The Bluebird Candy Co. was sold to Dick Motta, but he wasn’t interested in the restaurant, so Cardon retained ownership for almost 10 years. He and Motta maintained a partnership and the candies stayed in the restaurant.
In the mid-90s, Cardon sold the restaurant to another local restaurateur, and it was later sold again to the Xu family, which owns the Bluebird today.
It was this point when the Bluebird Candy Co. and the the Bluebird Restaurant were truly separated, Hamilton said.
The candies were no longer in the Bluebird restaurant. The sweets for sale there now are from another source.
“The Bluebird — it was that iconic place that everybody knows,” Hamilton said. “They come back to Cache Valley and it’s Utah State, the Bluebird, the tabernacle, those few little things that everybody thinks of.”
While the candy company is going to have a new look, it will be one that is reminiscent of the past, Hamilton said.
The changes include improvements to the art-deco exterior on the front of the building and the creation of an open, public space in the alley located between the factory and Anderson Seed.
Inside, the retail space has been enlarged to make way for larger, nicer glass candy displays. Glass windows will separate that space from the working space where candy centers are prepared and hand-dipped, Hamilton said.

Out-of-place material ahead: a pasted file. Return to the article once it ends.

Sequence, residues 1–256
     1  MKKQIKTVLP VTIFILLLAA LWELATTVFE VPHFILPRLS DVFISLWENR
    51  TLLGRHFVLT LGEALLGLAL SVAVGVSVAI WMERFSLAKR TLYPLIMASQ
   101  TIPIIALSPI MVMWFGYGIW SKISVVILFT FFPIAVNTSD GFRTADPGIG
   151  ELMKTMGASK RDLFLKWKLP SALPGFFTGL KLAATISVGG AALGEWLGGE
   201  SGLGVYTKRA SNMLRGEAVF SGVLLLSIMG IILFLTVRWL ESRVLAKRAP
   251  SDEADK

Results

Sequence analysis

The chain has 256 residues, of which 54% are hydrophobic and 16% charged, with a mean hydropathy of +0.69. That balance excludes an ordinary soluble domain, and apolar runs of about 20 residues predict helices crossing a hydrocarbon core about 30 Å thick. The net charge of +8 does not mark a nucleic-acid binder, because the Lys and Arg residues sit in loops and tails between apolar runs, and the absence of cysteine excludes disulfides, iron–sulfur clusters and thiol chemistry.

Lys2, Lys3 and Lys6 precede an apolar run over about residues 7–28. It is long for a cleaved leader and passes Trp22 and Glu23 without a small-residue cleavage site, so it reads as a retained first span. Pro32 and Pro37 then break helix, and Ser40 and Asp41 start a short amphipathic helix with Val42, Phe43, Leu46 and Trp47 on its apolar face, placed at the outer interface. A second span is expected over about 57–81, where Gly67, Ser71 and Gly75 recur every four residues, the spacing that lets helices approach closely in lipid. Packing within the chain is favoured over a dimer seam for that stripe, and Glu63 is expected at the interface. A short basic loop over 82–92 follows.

“In today’s world it is all about the art of food. That’s what we love — we love to know that it is grown locally or that it is handmade, that’s really what sells,” Hamilton said. “That’s what our hopes are, that this building is going to bring people together.”
Hamilton also plans to bring back ice cream so people can stop by for a milkshake or a hot fudge sundae.
The old baby blue Bluebird boxes with the gold foil bottom will be coming back, as well as the neon sign out front, Hamilton said.
“One of the beauties of getting chocolates is the beauty of the box and the package,” Hamilton said. “We love the gold, we love where it just has that awesome feel when you open it up.”
The new boxes are expected to arrive in a couple of weeks. Hamilton is also introducing additional items like dishes, platters and refillable Christmas advent calendars that make a gift of Bluebird Candy a collector's item.
Cache Valley residents have their share of Bluebird memories, from family members working there, to after-school visits for a treat, to wedding celebrations.
Norma Palmer said she used for work next door to the Bluebird restaurant and candy shop at 19 N. Main, and every day she looked forward to her lunch break when she could indulge in a chopped ham sandwich with Mr. Neuberger’s mustard.
“It was one of their signature dishes and my favorite,” she said.
Steve Hailstone’s memories are of his great-grandfather who owned a butcher shop and sold meat and chili to the Bluebird for years, and his grandmother was a chocolate dipper.
“In about 1942 I was only 4 or 5, and my grandmother lived a block east of Main Street on Center Street,” said Ann Houggard. “I loved going to visit her, and we would go into the Bluebird for lunch and sit at the counter. I always ordered a chocolate malt and toast with catsup on the side. People thought it was so funny. I was her only grandchild and she loved the fuss. But the smell in there was wonderful — and it still is.”
Hamilton hopes that memories like these will keep people coming to the Bluebird Candy Co. to make new memories in the future.
The remodel is scheduled for completion early next year.